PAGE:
Well-found. A review of James Caruth’s “Narrow water”

james caruth 7

Are you tired of winter? I am. Bone tired. Someone said yesterday that it’s been going on for five months. He was quite upbeat about this, being a climber….there’s still deep snow on the Scottish mountains, and big ice-climbs still viable on the Nevis. But I’m tired of rain and greyness. And possibly just tired. I’m feeling stale, my brain’s clogged, I can’t think fast enough. Hungover with poetry and poetry travelling. Three weeks ago I was in the snow of Upper Wensleydale on a poetry residential that took me into some dark places…very introspective and uncomfortable. When I look now at what I wrote, it seems a lot more upbeat than it felt at the time, but it was, well, tiring. And then I was off to read in Cork at Ó Bhéal…it’s a great place to read in is The Long Valley, and I loved doing it; Cork is a lovely looking city, but it takes it out of a chap. Train cancelled, flight delayed, late night, and so on. I’ve been down to Sheffield for a poetry night (thanks for a great reading, Roy Marshall) and again for a Writing Day. And also to the outskirts of Penistone  for a launch event for today’s guest poet, James Caruth. At the start of this week it was a two day journey for the funeral of one of my best friends; a funeral in the pouring rain of Northampton. Over-travelled and emotionally drained.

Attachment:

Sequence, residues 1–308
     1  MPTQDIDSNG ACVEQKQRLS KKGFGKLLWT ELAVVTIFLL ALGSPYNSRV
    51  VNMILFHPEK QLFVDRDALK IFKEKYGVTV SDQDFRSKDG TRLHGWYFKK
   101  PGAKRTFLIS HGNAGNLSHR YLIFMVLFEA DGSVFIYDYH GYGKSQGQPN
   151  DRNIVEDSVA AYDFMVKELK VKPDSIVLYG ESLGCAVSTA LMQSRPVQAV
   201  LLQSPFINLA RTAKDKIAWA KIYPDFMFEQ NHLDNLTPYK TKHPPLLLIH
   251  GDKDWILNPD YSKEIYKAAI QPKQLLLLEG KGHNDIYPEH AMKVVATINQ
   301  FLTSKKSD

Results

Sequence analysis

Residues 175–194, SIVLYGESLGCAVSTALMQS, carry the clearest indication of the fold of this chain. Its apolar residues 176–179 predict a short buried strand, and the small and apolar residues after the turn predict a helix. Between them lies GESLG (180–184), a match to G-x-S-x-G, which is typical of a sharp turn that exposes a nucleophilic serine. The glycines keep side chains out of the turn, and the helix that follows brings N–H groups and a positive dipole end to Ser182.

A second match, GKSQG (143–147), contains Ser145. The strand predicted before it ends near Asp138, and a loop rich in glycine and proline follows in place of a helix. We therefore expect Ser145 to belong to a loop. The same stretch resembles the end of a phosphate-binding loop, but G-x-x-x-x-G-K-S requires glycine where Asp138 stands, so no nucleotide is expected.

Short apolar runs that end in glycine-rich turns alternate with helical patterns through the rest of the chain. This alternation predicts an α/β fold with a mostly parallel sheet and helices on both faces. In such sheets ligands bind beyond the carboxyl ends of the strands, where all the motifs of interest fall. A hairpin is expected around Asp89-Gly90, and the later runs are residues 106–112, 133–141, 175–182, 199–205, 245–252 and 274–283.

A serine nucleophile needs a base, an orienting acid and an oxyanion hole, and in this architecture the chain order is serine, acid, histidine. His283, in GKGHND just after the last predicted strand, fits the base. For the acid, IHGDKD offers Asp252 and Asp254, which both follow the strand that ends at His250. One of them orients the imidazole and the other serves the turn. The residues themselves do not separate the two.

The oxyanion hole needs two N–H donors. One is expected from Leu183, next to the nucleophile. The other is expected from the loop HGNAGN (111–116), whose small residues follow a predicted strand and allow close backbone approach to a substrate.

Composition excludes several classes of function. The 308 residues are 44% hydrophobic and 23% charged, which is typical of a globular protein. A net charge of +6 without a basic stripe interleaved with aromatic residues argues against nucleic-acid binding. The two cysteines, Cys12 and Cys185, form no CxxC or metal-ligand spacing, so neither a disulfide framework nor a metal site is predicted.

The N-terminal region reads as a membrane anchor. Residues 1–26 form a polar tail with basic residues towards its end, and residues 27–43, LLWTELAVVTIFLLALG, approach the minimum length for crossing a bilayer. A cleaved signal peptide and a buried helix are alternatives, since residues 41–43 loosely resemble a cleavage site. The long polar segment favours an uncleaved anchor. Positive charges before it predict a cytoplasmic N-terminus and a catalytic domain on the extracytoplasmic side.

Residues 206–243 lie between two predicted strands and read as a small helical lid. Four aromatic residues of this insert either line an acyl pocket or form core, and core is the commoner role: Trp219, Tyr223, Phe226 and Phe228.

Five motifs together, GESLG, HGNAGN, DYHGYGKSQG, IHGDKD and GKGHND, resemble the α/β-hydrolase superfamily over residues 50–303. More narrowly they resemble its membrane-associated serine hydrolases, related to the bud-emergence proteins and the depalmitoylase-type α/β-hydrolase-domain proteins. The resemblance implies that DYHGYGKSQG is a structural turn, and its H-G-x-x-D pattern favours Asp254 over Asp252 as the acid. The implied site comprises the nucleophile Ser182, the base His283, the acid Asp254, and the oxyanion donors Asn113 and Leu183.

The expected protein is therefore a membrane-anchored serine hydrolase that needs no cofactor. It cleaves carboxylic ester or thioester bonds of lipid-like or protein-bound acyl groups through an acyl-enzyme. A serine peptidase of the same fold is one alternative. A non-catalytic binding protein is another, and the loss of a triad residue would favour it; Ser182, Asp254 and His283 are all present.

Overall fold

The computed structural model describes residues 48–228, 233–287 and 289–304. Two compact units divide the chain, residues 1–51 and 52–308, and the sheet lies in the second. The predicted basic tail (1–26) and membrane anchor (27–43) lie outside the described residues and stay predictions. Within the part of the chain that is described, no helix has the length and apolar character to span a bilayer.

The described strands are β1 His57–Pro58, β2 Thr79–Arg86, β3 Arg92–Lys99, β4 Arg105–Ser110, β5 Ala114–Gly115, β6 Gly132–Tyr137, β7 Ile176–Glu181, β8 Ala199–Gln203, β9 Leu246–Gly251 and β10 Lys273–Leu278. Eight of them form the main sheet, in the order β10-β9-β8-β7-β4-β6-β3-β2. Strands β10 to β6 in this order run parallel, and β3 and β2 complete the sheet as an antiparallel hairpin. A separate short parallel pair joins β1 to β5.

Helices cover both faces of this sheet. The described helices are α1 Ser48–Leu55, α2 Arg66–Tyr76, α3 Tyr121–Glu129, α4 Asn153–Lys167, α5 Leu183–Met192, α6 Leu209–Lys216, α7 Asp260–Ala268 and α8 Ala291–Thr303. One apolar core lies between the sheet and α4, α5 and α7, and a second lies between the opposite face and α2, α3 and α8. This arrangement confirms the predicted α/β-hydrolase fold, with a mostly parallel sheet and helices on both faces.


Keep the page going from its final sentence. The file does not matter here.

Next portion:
Enough of the self-pity. I’d rather celebrate being alive and surrounded by so many good things, and the poetry of Jim  Caruth in particular. Promises to keep; this was due to be written last week, but better late than never.

I’ll start with notes I wrote in the back of Jim’s new pamphlet Narrow Water.

March 23. near Penistone. The Methodists are dark and closed. No-one’s here but me. Later the Penistone Poets arrive and now there are six of us. Eventually someone turns up to lat us in and there is light and warmth. Jim arrives…he is unwell; his face is badly swollen, but he’s here and up for it, and we have poets and poems. Julie Mellor and Jim. Doll’s houses and Bukowski, Friday nights after school, waterskiing in a disused gravel pit, and changing out of wetsuits in a changing room improvised from curtaining, in that hour that was solitary, those unwinding sentences. Jim does landscapes of stone and gorse, small unroofed churches, one like an upturned boat in a bitter wind, the pigeon crees of Penistone Road. Everyone in the audience buys a book. Every one. This is something that should catch on. In his second set we meet the men and women of his family, the landscapes of their history, Donegal and Slieve Foy. It’s a lovely evening. I have a head full of images and music.